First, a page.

By the time I was in matric, it had all but worked. The United Party gained only 51% of the vote in that election, the NP 49%. There wasn’t much difference between the NP and UP, and that election was the beginning of the end of the UP, when more Progressive Party MPs joined Helen Suzman in parliament, leading to the DA of today.

Bulldozed memories and scorched Karoo earth

I saw some evidence that some white extremist people regarded railways as “theirs”, and did not want blacks to have anything to do with it. The destruction of South African railways began with a scorched earth mentality years before the ANC came to power, with the bitter and spiteful demolition of stations on the main line to Cape Town in the Great Karoo.

In the early nineties, my brother and I sentimentally visited Hanover Road Station in the Northern Cape, only to find it in ruins. We were traumatised. As we looked at the parking area, with white stones still demarcating the station master’s parking slot, and even some pretty flowers still surviving from the days when station masters competed for “best kept station” awards, a friendly farmer, possibly lonely for a chat, joined us on the station platform.

As we gaped in horror at the remains of the building that was central to our childhood memories, this farmer eventually divulged that he knew who had demolished the building. He didn’t name anyone, but he told us the whole story — that they were whites, that he knew them, and how they brought a bulldozer on a flat-bed truck, and ‘dozed the cute station into rubble, within a few hours and in broad daylight.

When I asked him why, he dipped his head in the direction of some black workers in his fields, and said “They don’t want them to have the use of our systems.” I think you can figure out pretty accurately the shade of political affiliation of the perpetrators. The worst thing was that nobody seemed to care. I never heard of an outcry, nor read a report about any of this widespread damage to government property, nor of any arrest. It went by unnoticed.

About a decade later,  an entity called the National Railway Safety Regulator was created, supposedly to replace the old Railway Police. Still no arrests, nor a mention of multiple destroyed station buildings, more than twenty years later. While it was true that CTC “Central Traffic Control” had taken over signalling, and switching lines, making station masters redundant, with people in de Aar and Kimberley and further away in total control of all trains moving, it still felt extreme to wipe whole stations off the face of the earth. Our farmer acquaintance, as we moved toward our car, pointed at a toilet bowl still visible in the ruins and said “This was the only flush toilet for miles around. He used to let me use it”. He turned back toward his mielies and sunflowers, and trudged away, slowly shaking his head. Farmers, of anybody, know how easy it is to destroy, and how hard it is to build.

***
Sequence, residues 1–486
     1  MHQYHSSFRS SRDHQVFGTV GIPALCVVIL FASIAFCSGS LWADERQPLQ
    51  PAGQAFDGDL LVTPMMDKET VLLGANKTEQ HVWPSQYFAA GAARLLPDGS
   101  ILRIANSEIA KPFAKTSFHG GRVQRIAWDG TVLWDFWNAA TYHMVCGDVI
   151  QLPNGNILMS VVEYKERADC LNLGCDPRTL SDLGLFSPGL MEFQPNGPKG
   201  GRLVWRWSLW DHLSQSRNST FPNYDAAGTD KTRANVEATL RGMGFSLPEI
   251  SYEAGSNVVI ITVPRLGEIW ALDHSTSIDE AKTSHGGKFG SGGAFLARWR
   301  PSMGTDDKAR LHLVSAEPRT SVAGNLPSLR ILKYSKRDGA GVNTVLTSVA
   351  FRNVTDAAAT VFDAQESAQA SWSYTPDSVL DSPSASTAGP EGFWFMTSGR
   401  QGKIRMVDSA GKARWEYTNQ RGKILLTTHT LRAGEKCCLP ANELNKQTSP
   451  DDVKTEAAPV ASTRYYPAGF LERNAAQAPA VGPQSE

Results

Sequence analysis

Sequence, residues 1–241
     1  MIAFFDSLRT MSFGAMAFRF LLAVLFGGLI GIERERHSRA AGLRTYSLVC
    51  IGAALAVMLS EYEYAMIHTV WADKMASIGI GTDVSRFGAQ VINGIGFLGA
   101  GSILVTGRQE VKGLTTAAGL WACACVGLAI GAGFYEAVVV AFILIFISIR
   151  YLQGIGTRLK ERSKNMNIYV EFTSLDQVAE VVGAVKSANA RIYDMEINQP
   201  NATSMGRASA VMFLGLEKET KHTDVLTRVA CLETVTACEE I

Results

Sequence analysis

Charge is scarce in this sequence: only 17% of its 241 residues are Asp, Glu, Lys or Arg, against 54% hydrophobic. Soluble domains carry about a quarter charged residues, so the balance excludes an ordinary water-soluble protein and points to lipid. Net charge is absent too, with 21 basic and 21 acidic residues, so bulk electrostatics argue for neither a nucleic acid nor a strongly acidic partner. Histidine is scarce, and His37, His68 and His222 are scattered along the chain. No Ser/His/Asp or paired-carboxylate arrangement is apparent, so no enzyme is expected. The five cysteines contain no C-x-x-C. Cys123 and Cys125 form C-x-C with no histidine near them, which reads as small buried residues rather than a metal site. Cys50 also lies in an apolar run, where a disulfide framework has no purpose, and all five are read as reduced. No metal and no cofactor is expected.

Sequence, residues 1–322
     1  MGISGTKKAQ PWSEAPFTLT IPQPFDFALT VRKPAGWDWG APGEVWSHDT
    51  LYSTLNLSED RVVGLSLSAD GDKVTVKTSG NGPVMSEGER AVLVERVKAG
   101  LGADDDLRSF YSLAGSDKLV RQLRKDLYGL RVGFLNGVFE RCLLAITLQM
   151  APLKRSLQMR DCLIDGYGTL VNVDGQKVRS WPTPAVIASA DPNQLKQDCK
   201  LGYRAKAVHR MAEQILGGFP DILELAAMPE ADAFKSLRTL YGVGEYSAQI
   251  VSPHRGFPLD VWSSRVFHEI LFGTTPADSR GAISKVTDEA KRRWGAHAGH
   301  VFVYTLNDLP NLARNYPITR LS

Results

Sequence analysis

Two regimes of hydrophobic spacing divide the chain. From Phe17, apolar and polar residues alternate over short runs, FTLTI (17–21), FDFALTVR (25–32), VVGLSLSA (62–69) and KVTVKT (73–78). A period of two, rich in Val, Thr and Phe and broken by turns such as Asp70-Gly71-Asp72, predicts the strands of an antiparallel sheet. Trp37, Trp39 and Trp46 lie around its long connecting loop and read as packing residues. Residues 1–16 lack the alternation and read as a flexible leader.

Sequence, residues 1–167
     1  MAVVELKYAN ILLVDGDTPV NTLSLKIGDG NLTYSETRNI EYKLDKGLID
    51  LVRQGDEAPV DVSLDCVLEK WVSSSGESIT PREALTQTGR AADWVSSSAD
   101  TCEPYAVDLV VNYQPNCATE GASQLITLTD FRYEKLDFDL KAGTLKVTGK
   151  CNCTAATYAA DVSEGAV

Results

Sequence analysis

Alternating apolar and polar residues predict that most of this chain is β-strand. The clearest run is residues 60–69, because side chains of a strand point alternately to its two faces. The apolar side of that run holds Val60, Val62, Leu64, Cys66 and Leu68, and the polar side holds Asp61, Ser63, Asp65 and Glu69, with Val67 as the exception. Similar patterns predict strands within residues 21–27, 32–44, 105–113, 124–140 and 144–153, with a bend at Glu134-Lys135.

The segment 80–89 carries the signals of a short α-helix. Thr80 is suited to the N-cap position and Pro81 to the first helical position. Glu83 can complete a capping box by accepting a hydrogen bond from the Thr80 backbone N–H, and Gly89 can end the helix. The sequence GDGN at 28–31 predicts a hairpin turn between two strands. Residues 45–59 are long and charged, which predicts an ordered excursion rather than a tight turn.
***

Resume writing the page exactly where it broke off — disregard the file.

Institutional myopia

Ignoring the majority of your population when planning rail is about as nuts as it can get. The demise of railways, though, is not due to a lack of planning. It is due to wrong planning, sabotage, or both. I have always been deeply suspicious and cynical about the safety regulator. The railways ran glacially slow trains. It was not as if we needed people to hurry along and restrain our reckless train staff. With a national rail speed still languishing at 90 kilometres an hour (admittedly with some exceptions), I cynically joked that they emerged from whatever political woodwork had been hiding them to take up sheltered employment for “werkelose” ex-NP censors. Never forget that those idiots banned Anna Sewell’s Black Beauty, even though the black beauty written about was actually a horse. I figured they had somehow been deployed to “finish off” the railways. Well, here we sit, with no mainline trains. It doesn’t feel so funny any more.

Not long after that sentimental visit to Hanover Road station, I took a train from Johannesburg to Cape Town. Many other stations had also been destroyed, thoroughly and professionally. Merriman, not far down the line from Hanover Road, was also a ruin, and others too. I had no desire to sleep on that section of the line, being curious to see whether other stations had gone the way of Hanover Road. It was bright moonlight. The remains of those stations, some of which had been around for a century, in the bright moonlight, was akin to apocalypse movie sets, one after another.


I continued using trains into the “new South Africa”. After 1994, the service took a dip. It was plain that a huge majority of white staff had ‘taken a package’. and left the railways, taking a vast body of institutional knowledge with them. It seemed too hasty a way to go, and their replacements were not always properly trained. On a trip to then Grahamstown on the then Port Elizabeth train, I boarded my coach on an underground platform in Park Station. I found it in darkness.